But the exchange is potentially very significant for the town’s creative, digital and technologies.

More than 100 objections to IT building planned close to Talbot Heath

Controversial digital exchange approved for Talbot Village

Put simply, the exchange is about delivering faster internet to businesses and the universities – but Gordon Fong of Kimcell, the company which provided it, says it’s about much more than that.

“The digital exchange is all about the potential it brings for the future,” he says.

“There’s this huge infrastructure which is going to be very necessary in the future.”

His business has already connected Talbot Village to the Dorset Innovation Park at Winfrith, where his company also has a site.

This is the connectivity that would serve businesses at the Innovation Quarter.

It seeks to handle more data in Dorset rather than have it transported to other parts of the world. This enables “edge computing” – which is all about bringing data closer to the location where it’s used, saving bandwidth and improving processing power.

All this helps feed data-hungry applications – whether that means rendering the scenes created for video games or visual effects, or the 5G innovations that will see everything from fridges to driverless cars connected to the internet. The latter fits in with BCP Council’s aspiration to create a ‘smart place’ that would show other areas the potential of digital tech.

Smart Place investment plan announced by BCP Council

A lot of digital businesses are already seeing the advantages in moving from London to Dorset, Mr Fong says. “They have seen Dorset as a great place to be based, but also as a place where we’re away from London yet not really out in the sticks of the south west,” he adds.

“We’re ideally placed to create this kind of niche.”



Bournemouth Echo:

Cattle released on Talbot Heath last year

Objectors to the proposals for Highmoor Farm know they face an uphill struggle.

All these policies were adopted in the Poole Local Plan in 2018, so applications that comply with that plan are set for approval.

Nick Dobbs, who runs the 950-member Facebook group Preserve Talbot Heath, said in his objection to the heathland support area application: “By virtue of being earmarked in the current Poole Council Plan, BCP Council, Talbot Village Trust and both universities are vested stakeholders with the same objective in wanting to see HIghmoor Farm developed into a business park.”

He says online meetings about the plans have “essentially been an opportunity for Talbot Village Trust to brief the forum of their unwavering intentions on a need-to-know basis”.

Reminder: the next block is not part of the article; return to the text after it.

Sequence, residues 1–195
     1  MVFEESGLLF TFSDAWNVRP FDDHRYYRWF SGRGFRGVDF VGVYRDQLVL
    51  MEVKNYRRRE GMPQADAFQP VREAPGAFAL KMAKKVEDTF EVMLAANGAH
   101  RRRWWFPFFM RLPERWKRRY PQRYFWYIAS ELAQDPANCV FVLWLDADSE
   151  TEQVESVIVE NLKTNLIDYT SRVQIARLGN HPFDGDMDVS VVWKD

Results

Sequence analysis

He argues that the Highmoor Farm application does not include a survey of protected species, and he wants further scrutiny including biodiversity studies.

Simon Trueick, director of planning at Talbot Village Trust’s planning consultancy Intelligent Land, says the scheme complies with policy and that locals have been consulted at a series of meetings.

“The Local Plan has gone through several public consultation stages before it was fully adopted by the council. From the trust’s perspective, we’re fulfilling the requirements of the Local Plan policy,” he says.

He notes that the trust sent out 4,000-5,000 leaflets about the Highmoor Road plan and received 160 questionnaires back.

“It’s actually not a bad response for that type of survey and the information we received was really beneficial. That was looking at how people use Talbot Heath, how regularly they used it, what activities they undertook, where they were coming from and what they would like to see within the heathland support area,” he said.

“The trust also undertook regular monthly briefing meetings with the local residents’ associations – the Talbot and Branksome Woods Residents Association and the Talbot Village Residents Association – and the Protect Talbot Heath Group.”

Meetings, he said, had been “pretty good-natured”, even though they did not always produce a consensus.

As for when the Innovation Quarter might happen, he says: “There’s no timetable for the Innovation Quarter to be developed but quite clearly, as we come out of the Covid crisis and we’re in an economy starting to pick up, the trust wants to be in a position to assist the local economy.”

He believes the impact of the pandemic may have accelerated the demand for the kind of tech-based businesses that would occupy the Innovation Quarter.

“The trust and the council have no interest in making this an average industrial park,” he says.

“It’s got to be the state-of-the-art location and that will be controlled through the subsequent planning application.”